I was in the Chicago airport waiting to board a flight to Vancouver, Canada, when the gate agent announced that the flight was going to be delayed. She then asked the passengers to line up and re-book their flights. There was a lot
of sighing and distressed looks but for the most part everyone maintained a certain degree of calm.
However, one gentleman ( and I say that loosely), kept trying to weasel his way to the front of the line.
Finally he was able to get the gate agents attention and began to assault her with demands as to his absolute need to get to Vancouver as he had extremely urgent business.
She kept her cool and kept repeating that there were a lot of people ahead of him and he would have to wait his turn.
It was then that he decided to use the phrase that has become the mantra of the 21st century culture of entitlement.
“Do you know who I am” he snarled. She had a sardonic grin on her face as she picked up her microphone and said, “Attention, attention,does anyone in this room know who this man is”? He seems to have lost his identity”.
There was suddenly an outburst of guffaws from those in line. The man, now red-faced and looking like he had been constipated for months responded, “Well, we’ll see about that! I want to speak to your supervisor, where is he”? The agent, once again with a huge smirk on her face said ” He’s at the end of the line waiting for me to get him a new flight”.
This type of behavior has grown exponentially over the years as more and more of our society feels their “special” or entitled. They have in essence lost their identity and their humanity. When we begin to believe that we are the center of the universe instead of a piece of the universe, we lose sight of the fact that we are part of a global community that needs to exhibit patience, kindness, compassion and a lightness of being.
The holidays seem to increase the stress that is already so much a part of our society. Perhaps this season, more than ever give the gift of patience, a gift that could influence peace and good will towards all mankind.
The holiday season is upon us and I am trying diligently not to feed my inner curmudgeon. I must admit to having a lot of mixed feelings about Christmas. I totally embrace Thanksgiving, because it makes me feel warm and fuzzy knowing I will have a wonderful meal with those I care about.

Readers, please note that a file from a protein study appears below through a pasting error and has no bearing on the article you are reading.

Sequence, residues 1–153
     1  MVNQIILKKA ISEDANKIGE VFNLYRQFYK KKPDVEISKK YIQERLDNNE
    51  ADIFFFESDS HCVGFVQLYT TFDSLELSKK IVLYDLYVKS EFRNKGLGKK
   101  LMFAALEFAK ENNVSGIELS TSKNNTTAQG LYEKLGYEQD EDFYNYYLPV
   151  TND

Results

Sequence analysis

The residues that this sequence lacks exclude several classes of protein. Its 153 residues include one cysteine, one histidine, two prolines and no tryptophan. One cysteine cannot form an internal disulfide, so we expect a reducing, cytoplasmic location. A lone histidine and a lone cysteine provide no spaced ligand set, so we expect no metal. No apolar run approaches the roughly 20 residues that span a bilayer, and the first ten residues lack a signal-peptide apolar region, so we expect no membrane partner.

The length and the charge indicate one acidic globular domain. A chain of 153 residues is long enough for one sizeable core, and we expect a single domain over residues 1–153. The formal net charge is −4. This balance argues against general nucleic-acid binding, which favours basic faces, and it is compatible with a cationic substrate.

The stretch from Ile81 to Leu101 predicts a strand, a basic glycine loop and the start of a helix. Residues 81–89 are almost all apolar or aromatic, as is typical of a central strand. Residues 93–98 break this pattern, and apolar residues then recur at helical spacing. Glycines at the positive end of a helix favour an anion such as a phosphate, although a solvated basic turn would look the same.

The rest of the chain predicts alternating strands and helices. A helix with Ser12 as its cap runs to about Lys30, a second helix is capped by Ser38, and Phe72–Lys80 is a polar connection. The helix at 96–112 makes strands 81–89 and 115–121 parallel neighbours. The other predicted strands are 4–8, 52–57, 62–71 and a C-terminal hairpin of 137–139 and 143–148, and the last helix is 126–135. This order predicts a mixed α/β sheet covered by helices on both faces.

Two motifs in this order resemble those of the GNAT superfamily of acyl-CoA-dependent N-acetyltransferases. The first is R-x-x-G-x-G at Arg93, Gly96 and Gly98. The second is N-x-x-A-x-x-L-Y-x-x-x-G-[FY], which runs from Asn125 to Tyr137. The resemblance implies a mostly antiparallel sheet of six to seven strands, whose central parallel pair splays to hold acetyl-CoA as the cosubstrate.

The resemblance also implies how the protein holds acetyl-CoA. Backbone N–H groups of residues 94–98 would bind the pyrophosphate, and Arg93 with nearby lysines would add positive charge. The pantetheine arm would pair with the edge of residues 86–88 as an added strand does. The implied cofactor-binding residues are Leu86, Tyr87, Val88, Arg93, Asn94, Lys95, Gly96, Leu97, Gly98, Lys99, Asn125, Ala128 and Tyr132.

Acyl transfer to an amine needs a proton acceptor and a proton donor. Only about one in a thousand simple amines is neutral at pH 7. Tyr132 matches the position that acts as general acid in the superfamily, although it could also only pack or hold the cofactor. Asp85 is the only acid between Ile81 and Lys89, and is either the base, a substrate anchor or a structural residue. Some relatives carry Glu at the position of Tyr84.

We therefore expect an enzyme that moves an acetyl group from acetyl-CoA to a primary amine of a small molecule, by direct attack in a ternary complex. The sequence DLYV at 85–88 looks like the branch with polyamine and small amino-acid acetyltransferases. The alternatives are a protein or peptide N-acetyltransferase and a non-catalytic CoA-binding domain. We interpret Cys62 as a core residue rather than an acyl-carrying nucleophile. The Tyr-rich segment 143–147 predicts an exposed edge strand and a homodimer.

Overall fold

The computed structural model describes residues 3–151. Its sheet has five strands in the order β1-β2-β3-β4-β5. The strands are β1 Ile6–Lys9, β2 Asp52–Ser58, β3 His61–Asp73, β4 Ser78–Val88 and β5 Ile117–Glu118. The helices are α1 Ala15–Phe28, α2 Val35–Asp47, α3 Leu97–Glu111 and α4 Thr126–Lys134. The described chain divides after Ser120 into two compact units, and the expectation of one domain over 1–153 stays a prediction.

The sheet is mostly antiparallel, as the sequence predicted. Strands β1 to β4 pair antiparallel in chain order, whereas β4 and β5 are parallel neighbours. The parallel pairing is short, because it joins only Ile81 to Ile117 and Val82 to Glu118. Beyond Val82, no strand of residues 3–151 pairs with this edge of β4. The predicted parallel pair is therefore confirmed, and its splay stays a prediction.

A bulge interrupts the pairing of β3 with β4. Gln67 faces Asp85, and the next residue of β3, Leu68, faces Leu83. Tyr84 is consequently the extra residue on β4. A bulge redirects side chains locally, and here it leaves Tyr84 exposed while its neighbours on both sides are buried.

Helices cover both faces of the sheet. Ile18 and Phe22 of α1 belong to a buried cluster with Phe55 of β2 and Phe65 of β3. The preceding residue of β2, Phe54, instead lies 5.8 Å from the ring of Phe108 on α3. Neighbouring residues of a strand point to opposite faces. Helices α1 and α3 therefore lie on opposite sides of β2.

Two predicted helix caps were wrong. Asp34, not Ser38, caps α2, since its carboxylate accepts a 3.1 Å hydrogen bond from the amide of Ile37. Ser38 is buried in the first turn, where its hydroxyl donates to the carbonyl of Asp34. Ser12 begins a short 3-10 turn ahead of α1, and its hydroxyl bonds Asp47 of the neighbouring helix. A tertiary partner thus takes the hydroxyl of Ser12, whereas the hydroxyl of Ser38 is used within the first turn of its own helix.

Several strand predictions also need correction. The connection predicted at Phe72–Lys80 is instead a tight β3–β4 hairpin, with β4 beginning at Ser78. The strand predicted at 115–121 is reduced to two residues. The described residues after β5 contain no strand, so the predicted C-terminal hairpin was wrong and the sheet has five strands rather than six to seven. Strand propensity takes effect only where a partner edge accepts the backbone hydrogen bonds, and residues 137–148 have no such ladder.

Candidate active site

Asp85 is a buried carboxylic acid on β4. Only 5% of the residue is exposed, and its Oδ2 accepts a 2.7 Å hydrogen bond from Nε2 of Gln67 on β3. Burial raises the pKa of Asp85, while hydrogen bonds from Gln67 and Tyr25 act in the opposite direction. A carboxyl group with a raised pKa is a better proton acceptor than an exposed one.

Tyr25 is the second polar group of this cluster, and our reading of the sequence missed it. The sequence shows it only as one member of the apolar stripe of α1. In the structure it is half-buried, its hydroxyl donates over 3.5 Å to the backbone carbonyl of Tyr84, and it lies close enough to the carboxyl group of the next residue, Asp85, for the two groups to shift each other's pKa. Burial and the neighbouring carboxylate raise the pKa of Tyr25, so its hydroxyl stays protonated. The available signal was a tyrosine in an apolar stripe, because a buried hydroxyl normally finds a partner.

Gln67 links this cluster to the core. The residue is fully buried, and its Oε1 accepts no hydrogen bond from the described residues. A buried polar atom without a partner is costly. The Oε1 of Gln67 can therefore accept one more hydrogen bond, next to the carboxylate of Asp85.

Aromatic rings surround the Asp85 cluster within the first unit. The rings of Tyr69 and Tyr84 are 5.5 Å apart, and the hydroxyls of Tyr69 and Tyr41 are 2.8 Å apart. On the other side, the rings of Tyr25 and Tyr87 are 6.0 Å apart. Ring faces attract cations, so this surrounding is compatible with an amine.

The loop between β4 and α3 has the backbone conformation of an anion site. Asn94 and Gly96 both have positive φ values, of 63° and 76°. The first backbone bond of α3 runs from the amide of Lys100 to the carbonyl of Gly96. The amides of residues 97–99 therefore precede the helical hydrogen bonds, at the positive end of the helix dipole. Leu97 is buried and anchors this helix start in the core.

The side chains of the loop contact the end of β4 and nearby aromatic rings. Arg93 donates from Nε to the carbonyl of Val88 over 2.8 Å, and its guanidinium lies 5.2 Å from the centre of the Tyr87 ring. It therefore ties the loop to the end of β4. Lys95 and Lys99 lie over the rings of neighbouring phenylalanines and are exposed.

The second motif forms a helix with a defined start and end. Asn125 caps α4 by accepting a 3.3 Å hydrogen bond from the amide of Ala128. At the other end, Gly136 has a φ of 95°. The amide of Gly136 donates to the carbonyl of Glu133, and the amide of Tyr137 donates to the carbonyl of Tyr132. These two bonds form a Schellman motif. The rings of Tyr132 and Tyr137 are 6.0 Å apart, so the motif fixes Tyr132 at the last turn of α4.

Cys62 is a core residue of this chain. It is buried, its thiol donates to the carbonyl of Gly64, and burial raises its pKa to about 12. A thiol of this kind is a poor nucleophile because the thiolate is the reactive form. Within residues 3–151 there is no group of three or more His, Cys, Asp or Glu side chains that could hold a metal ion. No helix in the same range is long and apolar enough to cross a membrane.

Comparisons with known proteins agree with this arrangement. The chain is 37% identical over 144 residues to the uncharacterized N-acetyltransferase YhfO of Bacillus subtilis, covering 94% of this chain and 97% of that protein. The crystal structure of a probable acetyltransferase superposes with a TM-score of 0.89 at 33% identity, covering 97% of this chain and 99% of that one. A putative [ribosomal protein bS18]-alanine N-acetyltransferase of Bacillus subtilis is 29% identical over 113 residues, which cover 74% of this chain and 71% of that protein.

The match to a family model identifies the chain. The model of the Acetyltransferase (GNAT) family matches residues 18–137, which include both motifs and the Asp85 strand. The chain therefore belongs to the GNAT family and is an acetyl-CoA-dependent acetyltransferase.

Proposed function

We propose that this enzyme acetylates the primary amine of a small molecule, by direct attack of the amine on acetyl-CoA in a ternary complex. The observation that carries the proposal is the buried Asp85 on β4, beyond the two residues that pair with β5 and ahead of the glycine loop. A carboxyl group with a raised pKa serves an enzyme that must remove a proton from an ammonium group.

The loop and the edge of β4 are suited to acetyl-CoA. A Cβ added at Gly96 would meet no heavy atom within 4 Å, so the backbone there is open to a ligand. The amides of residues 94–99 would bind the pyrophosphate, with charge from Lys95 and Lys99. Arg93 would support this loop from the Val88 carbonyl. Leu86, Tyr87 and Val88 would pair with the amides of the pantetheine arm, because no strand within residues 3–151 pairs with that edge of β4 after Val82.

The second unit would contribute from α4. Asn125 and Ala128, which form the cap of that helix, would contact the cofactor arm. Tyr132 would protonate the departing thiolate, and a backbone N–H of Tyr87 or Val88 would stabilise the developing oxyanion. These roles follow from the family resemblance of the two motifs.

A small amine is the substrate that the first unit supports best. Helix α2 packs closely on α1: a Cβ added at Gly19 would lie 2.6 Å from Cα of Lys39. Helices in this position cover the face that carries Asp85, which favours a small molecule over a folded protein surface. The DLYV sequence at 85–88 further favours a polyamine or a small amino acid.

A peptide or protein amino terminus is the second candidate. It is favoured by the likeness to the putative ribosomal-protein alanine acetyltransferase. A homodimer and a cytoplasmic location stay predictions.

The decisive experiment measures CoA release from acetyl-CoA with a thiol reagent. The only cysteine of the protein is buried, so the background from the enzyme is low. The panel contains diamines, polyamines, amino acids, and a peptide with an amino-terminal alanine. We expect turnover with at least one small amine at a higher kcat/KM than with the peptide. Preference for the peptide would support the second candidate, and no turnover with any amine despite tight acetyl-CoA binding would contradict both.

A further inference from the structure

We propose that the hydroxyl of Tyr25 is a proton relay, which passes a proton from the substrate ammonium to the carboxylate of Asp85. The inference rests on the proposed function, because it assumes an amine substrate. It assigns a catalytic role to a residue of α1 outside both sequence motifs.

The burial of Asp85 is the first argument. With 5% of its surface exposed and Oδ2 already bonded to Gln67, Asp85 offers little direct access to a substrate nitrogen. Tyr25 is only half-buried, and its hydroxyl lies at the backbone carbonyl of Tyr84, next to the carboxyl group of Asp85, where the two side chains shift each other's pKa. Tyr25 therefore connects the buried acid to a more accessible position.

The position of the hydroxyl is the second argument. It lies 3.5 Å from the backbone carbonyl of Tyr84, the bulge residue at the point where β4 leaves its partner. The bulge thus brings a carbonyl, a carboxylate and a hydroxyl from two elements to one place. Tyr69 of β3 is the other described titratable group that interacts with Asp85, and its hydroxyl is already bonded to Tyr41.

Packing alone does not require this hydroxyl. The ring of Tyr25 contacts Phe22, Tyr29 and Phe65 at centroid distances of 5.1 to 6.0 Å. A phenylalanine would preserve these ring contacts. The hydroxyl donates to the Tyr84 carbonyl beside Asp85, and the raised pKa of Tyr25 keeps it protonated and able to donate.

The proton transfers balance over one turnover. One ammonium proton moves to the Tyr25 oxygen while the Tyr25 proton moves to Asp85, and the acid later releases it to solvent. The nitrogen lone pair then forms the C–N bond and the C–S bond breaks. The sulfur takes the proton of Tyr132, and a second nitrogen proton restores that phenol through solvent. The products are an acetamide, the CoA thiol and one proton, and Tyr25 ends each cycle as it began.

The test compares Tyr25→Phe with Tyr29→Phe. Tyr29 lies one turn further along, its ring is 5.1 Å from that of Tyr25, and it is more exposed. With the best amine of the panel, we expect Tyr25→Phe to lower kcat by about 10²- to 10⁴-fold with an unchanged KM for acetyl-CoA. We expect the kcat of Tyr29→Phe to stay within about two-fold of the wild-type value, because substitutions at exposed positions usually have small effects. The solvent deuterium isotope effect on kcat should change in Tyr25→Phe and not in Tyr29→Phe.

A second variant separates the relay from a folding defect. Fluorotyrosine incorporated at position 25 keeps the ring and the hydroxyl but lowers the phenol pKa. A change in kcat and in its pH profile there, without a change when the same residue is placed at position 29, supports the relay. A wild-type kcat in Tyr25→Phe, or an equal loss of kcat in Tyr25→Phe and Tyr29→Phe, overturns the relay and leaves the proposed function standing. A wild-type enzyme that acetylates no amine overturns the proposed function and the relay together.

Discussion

I realize that I can create a similar experience with Christmas day and I have. My need to run out and buy gifts that I hope will be appreciated by those that receive them has become a thing of the past. I now celebrate by sharing experiences that give my family and friends memories of us being together.
My own memories of the holidays are rife with nostalgia. I remember spending time with my grandmother making cookies and breads that she would give to friends and family. I received very few gifts and I still remember them because they lasted a very long time; a small toy piano, a red shiny wagon, a porcelain doll, a music box. They did not come all together, but one at a time, one Christmas at a time.
Perhaps part of my dismay is how wrapped our culture has become in the need to accumulate hordes of stuff that often ends up having no meaning. I have been witness to children ripping open package after package of contents that end up in a pile in their room. Their delight in any of it soon fades. We have all heard the metaphor that “too much of a good thing is too much”! Not only does this old adage make sense but it’s also something neuroscientists have discovered resonates with our brains. When the pleasure center of the brain is over stimulated it becomes harder and harder to feel pleasure.
Our 21st century culture has definitely created a mindset that fosters this concept. Consumerism has practically become a religion in America. We have slowly removed the possibility of having any respite from stores being open. There are probably a handful of days left and I am certain they too will soon go by the wayside. When did the retail industry become such a necessary part of the American experience? I truly would like to know how and when the transition occurred. Is our economy so entrenched in needing retail dollars to sustain itself that without them we would spiral into a huge depression? Not a day goes by without constant advertisements reminding us to buy, buy, buy. Many of the messages often allude to the fact that we should feel guilty if we are not purchasing something.
The media spends time reporting on how much we’ve spent this year compared to last year and shows us pictures of crowds pushing their way into stores that decided to open at 3AM on black Friday. Some people were injured in the wake of frenzied consumers who were fearful that they might not get their bargains .
How about spending an equal amount of time showcasing individuals that are volunteering their time helping their fellow man, or those that are overseas defending our country? How much do we need, and when will we have enough?
Perhaps it’s time to spend more time filling our souls than emptying our pocketbooks.